A review by Dave Urbanski for CCM Magazine, September 1996.
Reprinted by permission of CCM Communications, copyright 1996---all rights reserved.
Since his childlike yet prodigious first steps (1973's What a Day) into an even more embryonic "Jesus Rock" community, Phil Keaggy has long been among the most beloved and revered singer/songwriters in Christian music.
But Keaggy is also the one artist who regularly says more with a 30-second improvised guitar flourish than others say with their most inspired, witty poems-put-to-music. Catch any of his solo acoustic shows, and you'll agree that Keaggy's imaginative, stretched-out jams are what set him apart from all other musicians.
And fans who've likewise loved Keaggy's all-instrumental studio efforts (The Master and the Musician, The Wind and the Wheat, and Beyond Nature) will be doubly pleased with his newest, non-vocal creations-the electric, full-band foray, 220, and the humble, almost living room-like, Acoustic Sketches.
After what sounds like a variation on Eric Clapton's "Had to Cry Today" riff (from Clapton's band, Blind Faith), Keaggy sets a strong, bluesy tone in the opening seconds of 220's "Animal." So if you're expecting another rapturous canvas of sound as per The Wind and the Wheat, sorry. 220 ain't no lullaby. But don't worry--Keaggy, even when he rocks hardest, is incurably melodic.
And incurably eclectic. You may as well count sheep if you want to tally his (and his combo's) tonal experiments. While Keaggy stretches out with blues-rock, fusion, jazz, acoustic, and country flavors (along with dabs of backwards guitar, amplifier feedback, bass-y leads, and his signature volume-knob swells), his bandmates set a nice mix of tempos while adding brush strokes of their own--Hammond organ, clavinet, fiddle, harmonica and even Scottish Warpipes and tin whistles.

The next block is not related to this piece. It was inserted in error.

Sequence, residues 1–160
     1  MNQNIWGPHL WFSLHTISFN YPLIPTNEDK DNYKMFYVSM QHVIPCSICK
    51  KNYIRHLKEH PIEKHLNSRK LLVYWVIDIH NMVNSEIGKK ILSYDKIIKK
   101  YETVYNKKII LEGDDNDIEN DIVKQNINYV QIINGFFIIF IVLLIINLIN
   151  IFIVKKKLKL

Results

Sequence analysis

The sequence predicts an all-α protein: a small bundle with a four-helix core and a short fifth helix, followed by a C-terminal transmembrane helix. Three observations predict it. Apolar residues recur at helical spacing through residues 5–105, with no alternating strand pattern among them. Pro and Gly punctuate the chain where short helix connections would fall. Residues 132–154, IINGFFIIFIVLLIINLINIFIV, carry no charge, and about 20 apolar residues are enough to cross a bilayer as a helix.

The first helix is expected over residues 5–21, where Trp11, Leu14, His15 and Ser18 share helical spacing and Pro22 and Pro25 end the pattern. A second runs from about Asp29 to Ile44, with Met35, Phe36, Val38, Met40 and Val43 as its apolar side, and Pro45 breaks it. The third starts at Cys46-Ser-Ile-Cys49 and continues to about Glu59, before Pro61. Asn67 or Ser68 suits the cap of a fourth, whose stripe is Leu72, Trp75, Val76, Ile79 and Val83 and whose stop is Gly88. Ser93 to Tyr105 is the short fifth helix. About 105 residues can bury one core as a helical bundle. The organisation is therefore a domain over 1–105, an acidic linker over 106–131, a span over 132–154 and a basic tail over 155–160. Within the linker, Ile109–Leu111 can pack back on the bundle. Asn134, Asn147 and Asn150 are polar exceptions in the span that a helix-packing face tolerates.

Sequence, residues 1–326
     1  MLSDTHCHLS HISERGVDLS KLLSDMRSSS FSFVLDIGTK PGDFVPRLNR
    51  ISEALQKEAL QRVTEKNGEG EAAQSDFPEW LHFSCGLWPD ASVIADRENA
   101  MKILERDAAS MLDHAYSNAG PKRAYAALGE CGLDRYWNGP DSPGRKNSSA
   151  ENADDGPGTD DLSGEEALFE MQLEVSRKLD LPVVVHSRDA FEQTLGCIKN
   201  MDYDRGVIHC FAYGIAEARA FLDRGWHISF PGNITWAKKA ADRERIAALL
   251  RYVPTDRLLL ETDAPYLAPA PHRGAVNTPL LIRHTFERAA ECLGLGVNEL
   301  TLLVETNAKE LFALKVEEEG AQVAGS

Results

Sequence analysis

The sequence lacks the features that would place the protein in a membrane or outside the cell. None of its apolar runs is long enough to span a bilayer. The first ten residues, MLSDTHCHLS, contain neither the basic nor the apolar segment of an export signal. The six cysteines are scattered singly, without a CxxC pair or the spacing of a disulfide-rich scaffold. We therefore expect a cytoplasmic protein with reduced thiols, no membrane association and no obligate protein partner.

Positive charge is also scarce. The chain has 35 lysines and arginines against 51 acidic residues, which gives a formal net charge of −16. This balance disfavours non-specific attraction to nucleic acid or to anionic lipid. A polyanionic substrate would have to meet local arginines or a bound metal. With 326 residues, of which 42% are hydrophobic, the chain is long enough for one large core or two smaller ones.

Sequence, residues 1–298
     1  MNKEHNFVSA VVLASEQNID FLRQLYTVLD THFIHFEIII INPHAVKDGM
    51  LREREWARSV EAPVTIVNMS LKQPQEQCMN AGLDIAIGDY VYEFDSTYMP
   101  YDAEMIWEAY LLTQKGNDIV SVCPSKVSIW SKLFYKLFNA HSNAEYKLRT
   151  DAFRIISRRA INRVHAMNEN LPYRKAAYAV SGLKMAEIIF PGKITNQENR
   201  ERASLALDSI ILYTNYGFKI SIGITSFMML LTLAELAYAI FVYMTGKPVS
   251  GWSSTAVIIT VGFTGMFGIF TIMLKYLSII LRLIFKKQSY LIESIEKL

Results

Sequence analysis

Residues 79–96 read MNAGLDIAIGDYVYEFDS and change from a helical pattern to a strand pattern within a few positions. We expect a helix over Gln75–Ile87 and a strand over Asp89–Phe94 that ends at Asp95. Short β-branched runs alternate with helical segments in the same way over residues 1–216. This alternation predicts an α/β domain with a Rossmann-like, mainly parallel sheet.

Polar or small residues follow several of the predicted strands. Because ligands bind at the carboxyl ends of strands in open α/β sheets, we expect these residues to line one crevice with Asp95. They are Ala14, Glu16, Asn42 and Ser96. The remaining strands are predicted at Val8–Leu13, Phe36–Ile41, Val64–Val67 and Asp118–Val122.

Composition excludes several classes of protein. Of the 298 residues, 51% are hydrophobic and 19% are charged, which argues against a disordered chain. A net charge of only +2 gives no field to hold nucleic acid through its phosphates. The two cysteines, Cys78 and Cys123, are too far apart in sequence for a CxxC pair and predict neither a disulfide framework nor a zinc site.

One might call this effort 220 (Kitchen Sinks)--all, by the way, with fine plumbing, custom ceramic craftsmanship and handy water filters to boot.
Acoustic Sketches (available only through Keaggy's fan club, 800/664-8482) sports a more unified feel than 220. To the naked ear, the songs sound as if they were improvised and recorded back-to-back in his living room. They weren't, of course, but that's the feel--and that's what Keaggy fans love best. So relaxed and carefree is Keaggy's mixture of rough structures and brilliant improvisations, one could easily let the disc play to the end without noticing the breaks in between the 19 songs.
While these textures closely resemble those found on his first all-acoustic effort, Beyond Nature (you might catch a few nanoseconds of notes from his 1991 release and other albums), Acoustic Sketches is quite a bit looser sounding. But this project isn't informal sounding. The six-string reproduction is stellar, with a fine blend of single-and multiple-guitar tracks. Keaggy, even more than when he pushes the envelope with the amp, exerts total command and complete companionship with the spruce and bronze. Whether he's tapping out harmonics while improvising ditties with monikers such as "Rivulets" and "On Second Thought"--or breathing new life into an old tune such as "Spend My Life with You"--Acoustic Sketches showcases Keaggy's ability to create a warm space where no words are necessary.
If human audio receptors continue working correctly and the sun continues to rise, Acoustic Sketches and 220 will stand the test of time the way Keaggy has.
Tom Loredo / email@example.com